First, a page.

A voice for women's health

HDC Consultation on Non-consensual Reseach - December 2016

December 2016

The AWHC has finally received a response from Health & Disability Commissioner Anthony Hill to the Official Information Act request we lodged seeking information about the consultation process on patients who are enrolled in clinical trials without their consent.   

The brief letter makes for very disheartening reading and reveals that very little progress has been made. The HDC is obviously in no hurry to tackle this difficult and contentious issue.


 
Consultation Document
The AWHC wanted to know the date on which the consultation document will be released. The letter advised that “the date for release of the consultation document has not yet been determined.” The excuse given for the ongoing delay is that “the proposed consultation raises several complex and sensitive issues of great public importance” and the HDC is working with the Expert Advisory Group to ensure that the issues are clearly and fairly represented. 

The letter goes to explain that “the details of the consultation process continue to be refined and the expected timeframe for the consultation has not yet been finalised.”

This raises serious questions about the apparent reluctance of the HDC to act with the required urgency to protect the rights of a wide range of very vulnerable patients/research participants. The topic has already received extensive media coverage and been the subject of a paper published in a reputable journal. (1) (2) Meanwhile the research continues, thus normalising the practice of enrolling an increasing range of research participants who for various reasons are unable to give consent.

The HDC goes on to state the obvious – the public will be invited to provide comments on the questions posed in the consultation document, and the consultation process will begin once the document is published. 

The Commissioner is also planning to organise focus groups and/or public meetings to facilitate discussion of the issues.  

 
Literature Review

The review of the literature is an ongoing process. The Commissioner says that his office and the Expert Advisory Group “have reviewed numerous publications from New Zealand and overseas during their work on the consultation document” and that “further literature may be consulted if and when new issues arise in the preparation of that document.”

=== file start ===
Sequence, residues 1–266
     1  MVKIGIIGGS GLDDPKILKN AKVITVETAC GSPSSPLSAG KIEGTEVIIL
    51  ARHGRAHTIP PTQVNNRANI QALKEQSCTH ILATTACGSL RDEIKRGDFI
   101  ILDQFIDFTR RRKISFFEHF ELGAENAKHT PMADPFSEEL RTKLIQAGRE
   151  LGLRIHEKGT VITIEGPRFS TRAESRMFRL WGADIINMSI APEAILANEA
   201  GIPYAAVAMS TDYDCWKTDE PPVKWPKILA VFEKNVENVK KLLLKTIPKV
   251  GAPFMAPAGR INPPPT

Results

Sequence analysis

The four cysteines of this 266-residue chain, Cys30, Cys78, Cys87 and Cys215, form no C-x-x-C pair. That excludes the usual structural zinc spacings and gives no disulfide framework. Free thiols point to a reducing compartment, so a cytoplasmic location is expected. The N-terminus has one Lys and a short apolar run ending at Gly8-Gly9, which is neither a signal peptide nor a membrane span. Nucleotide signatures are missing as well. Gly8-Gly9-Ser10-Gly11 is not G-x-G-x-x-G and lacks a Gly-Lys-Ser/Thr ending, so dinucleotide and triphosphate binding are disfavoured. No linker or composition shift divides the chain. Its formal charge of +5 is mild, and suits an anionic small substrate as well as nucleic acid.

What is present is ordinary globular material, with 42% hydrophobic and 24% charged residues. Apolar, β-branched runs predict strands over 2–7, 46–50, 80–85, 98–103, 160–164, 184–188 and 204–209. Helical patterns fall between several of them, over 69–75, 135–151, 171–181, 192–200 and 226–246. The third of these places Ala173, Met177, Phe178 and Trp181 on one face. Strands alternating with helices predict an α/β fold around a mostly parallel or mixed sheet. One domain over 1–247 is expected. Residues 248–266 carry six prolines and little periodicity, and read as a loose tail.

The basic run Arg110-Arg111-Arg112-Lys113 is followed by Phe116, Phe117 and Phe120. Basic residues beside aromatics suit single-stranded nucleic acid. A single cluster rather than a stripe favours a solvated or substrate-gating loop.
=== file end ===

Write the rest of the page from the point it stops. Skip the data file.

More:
The Expert Advisory Group

The AWHC also wanted to know who the members of the Expert Advisory Group are. The six members were appointed on 11 July 2016. They are:

  • Ms Jane Bawden (Chair)

  • Dr Colin McArthur

  • Professor Alan Merry

  • Dr Brigit Mirfin-Veitch

  • Dr Jeanne Snelling

  • Ms Teresa Wall

Ms Jane Bawden is a lawyer with a background in human rights, medical and health issues. Dr McArthur is an intensive care specialist. Professor Alan Merry practices in anaesthesia and chronic pain management, Dr Brigit Mirfin-Veitch is a sociologist, Director of the Donald Beasley Institute and has been a member of the Institute’s research team since 1994. Dr Jeanne Snelling is an academic lawyer and a Research Fellow at the Bioethics Centre in Dunedin. Ms Teresa Wall, formerly deputy director-general of Maori health in the Ministry of Health, is currently responsible for cross-government relationships and the Trans Pacific Partnership.  

“The role of the Expert Advisory Group is to advise and assist me in relation to the consultation,” the HDC explains in his letter, and they “were selected primarily to provide expert advice relevant to their particular areas of knowledge and experience, rather than to represent the views of their organisation.” 

Notably absent from this select group of health professionals and academics is the voice of the consumer. This is an unfortunate although not entirely unexpected omission and casts doubt on the genuineness of the consultation process before it has even begun.  

Given that two and a half years after the issue hit the headlines the HDC is still not willing to even commit to a date for the publication of the consultation document, it is difficult to have much faith in what is or is not happening in the office of the HDC.

References
  1. http://www.nzherald.co.nz/nz/news/article.cfm?c_id=1&objectid=11254381
  2. Professor Joanna Manning. “Non-consensual clinical research in New Zealand: Law reform urgently needed.” Journal of Law and Medicine. 2016 23 JLM 516.
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